By Jessica Wheeler
With so many classic moments to choose from, it’s hard to narrow it down to only seven. Here are the best of the best, Steve McQueen’s greatest movie moments.
- Running for the Border in The Great Escape
McQueen spends most of the movie imprisoned in a German POW camp, so when he breaks out, steals a German motorcycle and uniform, and heads for the Swiss border, the rush of energy is palpable. It’s an exciting chase sequence, where he’s almost captured, then makes it to the border…but will he make it over the fence? A true classic.
- World’s Greatest Car Chase in Bullitt
Despite emphasizing style over plot, Bullitt has become a classic for two reasons: McQueen’s too-cool performance and its legendary car chase sequence. Beginning in the streets of San Francisco and then heading out into the hills, the chase is a heart-stopping scene that ranks among the greatest ever filmed.
- Solitary in Papillon
McQueen was known for playing to the camera, letting his face do much of his acting. In many cases, he asked for lines to be removed from his scenes, stating, “I’ll do it with my face.” In this harrowing scene from Papillon, McQueen is a prisoner in French Guiana, condemned to solitary confinement. Much of the power of the scene is in the silent moments.
- The Train Station in The Getaway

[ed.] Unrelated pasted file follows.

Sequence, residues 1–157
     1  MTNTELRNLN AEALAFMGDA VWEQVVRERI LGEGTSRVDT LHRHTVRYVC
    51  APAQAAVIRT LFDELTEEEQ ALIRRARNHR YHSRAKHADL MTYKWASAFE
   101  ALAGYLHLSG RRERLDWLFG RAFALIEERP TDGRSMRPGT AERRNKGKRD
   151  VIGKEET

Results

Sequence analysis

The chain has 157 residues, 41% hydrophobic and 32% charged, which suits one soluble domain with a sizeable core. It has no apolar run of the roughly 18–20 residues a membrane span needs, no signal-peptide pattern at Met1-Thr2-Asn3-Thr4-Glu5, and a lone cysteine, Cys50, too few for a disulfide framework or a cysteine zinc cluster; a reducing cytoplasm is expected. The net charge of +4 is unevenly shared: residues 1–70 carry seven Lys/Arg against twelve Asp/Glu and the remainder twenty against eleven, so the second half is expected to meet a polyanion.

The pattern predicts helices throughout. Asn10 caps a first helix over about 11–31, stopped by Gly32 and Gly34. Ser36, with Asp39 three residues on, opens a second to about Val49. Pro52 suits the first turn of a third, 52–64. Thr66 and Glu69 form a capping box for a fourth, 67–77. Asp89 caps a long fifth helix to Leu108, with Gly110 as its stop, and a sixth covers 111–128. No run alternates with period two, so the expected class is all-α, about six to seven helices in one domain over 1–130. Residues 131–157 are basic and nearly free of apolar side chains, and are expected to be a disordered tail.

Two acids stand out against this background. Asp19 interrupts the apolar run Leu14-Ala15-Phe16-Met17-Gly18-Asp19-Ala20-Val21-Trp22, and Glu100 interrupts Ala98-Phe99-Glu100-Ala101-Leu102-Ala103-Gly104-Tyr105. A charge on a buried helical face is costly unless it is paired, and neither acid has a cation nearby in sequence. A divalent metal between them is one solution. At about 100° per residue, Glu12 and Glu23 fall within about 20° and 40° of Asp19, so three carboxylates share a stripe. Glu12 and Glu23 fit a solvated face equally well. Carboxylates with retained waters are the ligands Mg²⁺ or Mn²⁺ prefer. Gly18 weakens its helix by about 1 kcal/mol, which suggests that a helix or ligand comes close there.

While The Getaway is filled with bank robberies and shootouts galore, it’s McQueen’s chemistry with leading lady Ali MacGraw that makes the film something special. The two began a relationship during the filming of the movie, and later married.
- Driving the Hearse in Magnificent Seven
In this scene, you can actually watch McQueen become a movie star. Old Sam has died, and some kindly strangers want to pay for his burial up on Boot Hill. There’s just one problem: Old Sam was Native American, and some of the townsfolk think only white people should be buried in their cemetery. Enter Yul Brynner and Steve McQueen, who volunteer to drive the hearse out to Boot Hill and face down the gun-toting protesters. As they drive, McQueen lifts his hat, shakes his shotgun shells, and does anything else he can think of to steal the scene from Brynner, the movie’s headlining star. By the end of the scene, he’s established himself as a star in his own right, bagging his own starring roles in subsequent movies. View the scene here.
6. The Final Hand in Cincinnati Kid
The kind of scene that McQueen loved, with its tight closeups and high tension, the final poker showdown in Cincinnati Kid sees him facing off against the legendary Edward G. Robinson.
- A Steamy Game of Chess in The Thomas Crown Affair
Although McQueen was originally against the casting of Faye Dunaway in The Thomas Crown Affair, he eventually had to admit that she was the right choice. In this racy scene, the two square off over a suggestive game of chess, a clever way of getting around the movie censors.
AliveTampaBay continues its salute to Steve McQueen this summer. See also: Five Things to Know About Steve McQueen.
Jessica Wheeler is a columnist for AliveTampaBay.